To investigate this, Kang’s group used a drug called Uproleselan, a sugar-mimetic compound that blocks E-selectin binding. Experiments with Uproleselan showed that it significantly reduces bone metastasis and confers a survival advantage on mice injected with human breast cancer cells.
“Although still untested in the clinic, the mouse experiments done in this study show the therapeutic benefit of such … compounds to reduce bone metastasis,” said Kang.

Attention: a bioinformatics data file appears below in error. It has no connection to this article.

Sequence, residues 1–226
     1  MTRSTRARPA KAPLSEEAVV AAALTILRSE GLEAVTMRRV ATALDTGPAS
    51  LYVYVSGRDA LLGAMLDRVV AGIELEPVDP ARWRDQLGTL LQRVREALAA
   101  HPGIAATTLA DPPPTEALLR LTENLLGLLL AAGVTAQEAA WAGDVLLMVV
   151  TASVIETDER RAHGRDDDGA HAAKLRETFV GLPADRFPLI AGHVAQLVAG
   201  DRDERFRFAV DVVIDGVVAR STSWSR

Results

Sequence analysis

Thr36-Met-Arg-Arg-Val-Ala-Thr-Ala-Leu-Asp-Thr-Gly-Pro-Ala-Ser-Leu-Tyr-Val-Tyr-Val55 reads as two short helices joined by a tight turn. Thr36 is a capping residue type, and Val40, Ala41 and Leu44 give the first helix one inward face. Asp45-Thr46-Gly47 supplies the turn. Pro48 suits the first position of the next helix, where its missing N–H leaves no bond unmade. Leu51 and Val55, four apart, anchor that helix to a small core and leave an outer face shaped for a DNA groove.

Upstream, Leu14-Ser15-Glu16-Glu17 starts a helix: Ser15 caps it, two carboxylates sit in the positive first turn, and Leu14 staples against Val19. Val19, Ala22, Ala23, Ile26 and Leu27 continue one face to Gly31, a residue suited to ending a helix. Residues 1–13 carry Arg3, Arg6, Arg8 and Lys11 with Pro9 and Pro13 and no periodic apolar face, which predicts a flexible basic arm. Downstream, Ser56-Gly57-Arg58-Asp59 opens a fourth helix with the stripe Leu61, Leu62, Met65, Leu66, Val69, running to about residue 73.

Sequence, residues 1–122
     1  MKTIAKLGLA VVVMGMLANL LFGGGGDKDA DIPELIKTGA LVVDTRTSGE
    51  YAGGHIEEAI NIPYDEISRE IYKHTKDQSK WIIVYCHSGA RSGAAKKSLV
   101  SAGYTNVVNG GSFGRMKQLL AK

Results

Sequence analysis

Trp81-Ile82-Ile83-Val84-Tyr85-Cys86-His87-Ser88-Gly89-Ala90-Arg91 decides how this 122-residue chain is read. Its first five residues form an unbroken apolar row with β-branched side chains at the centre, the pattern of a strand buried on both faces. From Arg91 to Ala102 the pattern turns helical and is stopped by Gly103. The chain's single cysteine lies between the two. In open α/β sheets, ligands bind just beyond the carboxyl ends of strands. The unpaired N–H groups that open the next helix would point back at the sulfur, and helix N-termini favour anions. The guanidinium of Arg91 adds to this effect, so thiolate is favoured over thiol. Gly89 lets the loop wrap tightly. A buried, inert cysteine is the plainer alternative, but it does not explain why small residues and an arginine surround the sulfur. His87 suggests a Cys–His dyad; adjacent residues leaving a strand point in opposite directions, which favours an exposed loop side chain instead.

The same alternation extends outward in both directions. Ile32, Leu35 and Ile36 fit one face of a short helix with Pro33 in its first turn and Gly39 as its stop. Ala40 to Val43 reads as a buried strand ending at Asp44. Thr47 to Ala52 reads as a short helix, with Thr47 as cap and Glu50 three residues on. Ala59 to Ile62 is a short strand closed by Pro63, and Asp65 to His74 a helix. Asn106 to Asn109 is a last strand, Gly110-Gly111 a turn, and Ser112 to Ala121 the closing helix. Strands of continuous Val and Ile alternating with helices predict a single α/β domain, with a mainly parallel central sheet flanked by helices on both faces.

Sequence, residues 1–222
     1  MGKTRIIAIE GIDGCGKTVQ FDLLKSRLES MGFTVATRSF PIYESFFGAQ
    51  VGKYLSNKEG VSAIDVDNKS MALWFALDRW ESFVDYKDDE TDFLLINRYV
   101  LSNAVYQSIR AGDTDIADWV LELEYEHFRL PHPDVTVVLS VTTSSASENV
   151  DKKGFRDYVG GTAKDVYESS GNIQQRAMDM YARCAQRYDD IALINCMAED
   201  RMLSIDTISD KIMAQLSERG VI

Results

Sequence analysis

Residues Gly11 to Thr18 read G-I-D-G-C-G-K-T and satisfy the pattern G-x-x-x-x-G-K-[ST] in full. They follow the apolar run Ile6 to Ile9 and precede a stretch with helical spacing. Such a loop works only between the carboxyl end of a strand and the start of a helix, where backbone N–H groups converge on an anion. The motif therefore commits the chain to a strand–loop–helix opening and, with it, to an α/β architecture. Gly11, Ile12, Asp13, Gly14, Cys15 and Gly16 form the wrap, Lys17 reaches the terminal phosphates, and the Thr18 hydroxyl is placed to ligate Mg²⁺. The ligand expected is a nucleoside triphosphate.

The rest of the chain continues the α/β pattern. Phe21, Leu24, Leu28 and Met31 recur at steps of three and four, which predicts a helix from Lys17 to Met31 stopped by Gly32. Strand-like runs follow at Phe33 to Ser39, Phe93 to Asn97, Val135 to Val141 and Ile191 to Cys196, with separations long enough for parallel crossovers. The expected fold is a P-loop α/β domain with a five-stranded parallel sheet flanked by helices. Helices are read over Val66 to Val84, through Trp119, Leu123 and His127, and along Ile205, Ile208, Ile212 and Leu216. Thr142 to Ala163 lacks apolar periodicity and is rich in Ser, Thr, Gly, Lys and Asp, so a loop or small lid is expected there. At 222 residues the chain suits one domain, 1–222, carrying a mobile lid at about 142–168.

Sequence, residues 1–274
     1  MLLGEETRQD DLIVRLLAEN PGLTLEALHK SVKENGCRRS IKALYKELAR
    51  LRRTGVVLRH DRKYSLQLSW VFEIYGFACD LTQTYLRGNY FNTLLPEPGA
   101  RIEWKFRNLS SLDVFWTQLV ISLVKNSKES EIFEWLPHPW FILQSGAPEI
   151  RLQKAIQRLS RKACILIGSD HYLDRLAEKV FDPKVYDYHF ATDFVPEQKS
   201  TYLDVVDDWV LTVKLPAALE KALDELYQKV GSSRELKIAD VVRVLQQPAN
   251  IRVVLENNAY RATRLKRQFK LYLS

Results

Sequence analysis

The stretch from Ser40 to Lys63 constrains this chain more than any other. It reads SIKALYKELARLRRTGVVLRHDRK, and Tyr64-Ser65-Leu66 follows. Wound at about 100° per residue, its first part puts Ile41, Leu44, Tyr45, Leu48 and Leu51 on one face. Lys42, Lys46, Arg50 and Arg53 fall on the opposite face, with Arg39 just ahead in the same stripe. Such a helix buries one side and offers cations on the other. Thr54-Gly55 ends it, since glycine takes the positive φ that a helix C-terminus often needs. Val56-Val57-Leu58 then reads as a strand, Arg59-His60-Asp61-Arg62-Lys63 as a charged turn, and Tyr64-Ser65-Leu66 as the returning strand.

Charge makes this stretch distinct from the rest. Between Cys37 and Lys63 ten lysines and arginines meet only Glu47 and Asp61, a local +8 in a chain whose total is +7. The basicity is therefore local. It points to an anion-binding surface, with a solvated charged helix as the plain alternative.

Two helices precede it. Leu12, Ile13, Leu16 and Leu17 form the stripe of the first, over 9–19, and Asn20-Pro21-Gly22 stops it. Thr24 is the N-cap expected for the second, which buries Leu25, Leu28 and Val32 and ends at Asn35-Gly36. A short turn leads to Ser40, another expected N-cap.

“Bone Vascular Niche E-selectin Induces Mesenchymal-Epithelial Transition and Wnt Activation in Cancer Cells to Promote Bone Metastasis,” by Mark Esposito, Nandini Mondal, Todd Greco, Yong Wei, Chiara Spadazzi, Song-Chang Lin, Hanqiu Zheng, Corey Cheung, John Magnani, Sue-Hwa Lin, Ileana Cristea, Robert Sackstein and Yibin Kang, appears in the April 15 issue of Nature Cell Biology (DOI: 10.1038/s41556-019-0309-2). The research was funded by grants from the National Institutes of Health (F31CA192461, R01CA141062 and NHLBI PO1 HL107146), the New Jersey Commission for Cancer Research, the Program of Excellence in Glycosciences, the Team Jobie Fund, the Susan G. Komen Foundation (SAC160067), Glycomimetics Inc., the Brewster Foundation and the Department of Defense (BC123187). This research was also supported by the Preclinical Imaging, Genomic Editing and Flow Cytometry Shared Resources of the Rutgers Cancer Institute of New Jersey (P30CA072720).